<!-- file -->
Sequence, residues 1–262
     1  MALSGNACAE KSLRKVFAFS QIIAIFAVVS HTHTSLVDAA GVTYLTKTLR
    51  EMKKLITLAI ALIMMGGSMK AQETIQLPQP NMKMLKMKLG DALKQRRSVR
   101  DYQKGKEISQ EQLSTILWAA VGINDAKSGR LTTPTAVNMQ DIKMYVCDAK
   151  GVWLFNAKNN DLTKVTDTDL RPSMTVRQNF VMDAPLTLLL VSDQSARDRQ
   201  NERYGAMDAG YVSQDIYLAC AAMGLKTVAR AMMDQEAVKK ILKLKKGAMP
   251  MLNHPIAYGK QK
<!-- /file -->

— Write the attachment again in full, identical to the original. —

Sequence, residues 1–262
     1  MALSGNACAE KSLRKVFAFS QIIAIFAVVS HTHTSLVDAA GVTYLTKTLR
    51  EMKKLITLAI ALIMMGGSMK AQETIQLPQP NMKMLKMKLG DALKQRRSVR
   101  DYQKGKEISQ EQLSTILWAA VGINDAKSGR LTTPTAVNMQ DIKMYVCDAK
   151  GVWLFNAKNN DLTKVTDTDL RPSMTVRQNF VMDAPLTLLL VSDQSARDRQ
   201  NERYGAMDAG YVSQDIYLAC AAMGLKTVAR AMMDQEAVKK ILKLKKGAMP
   251  MLNHPIAYGK QK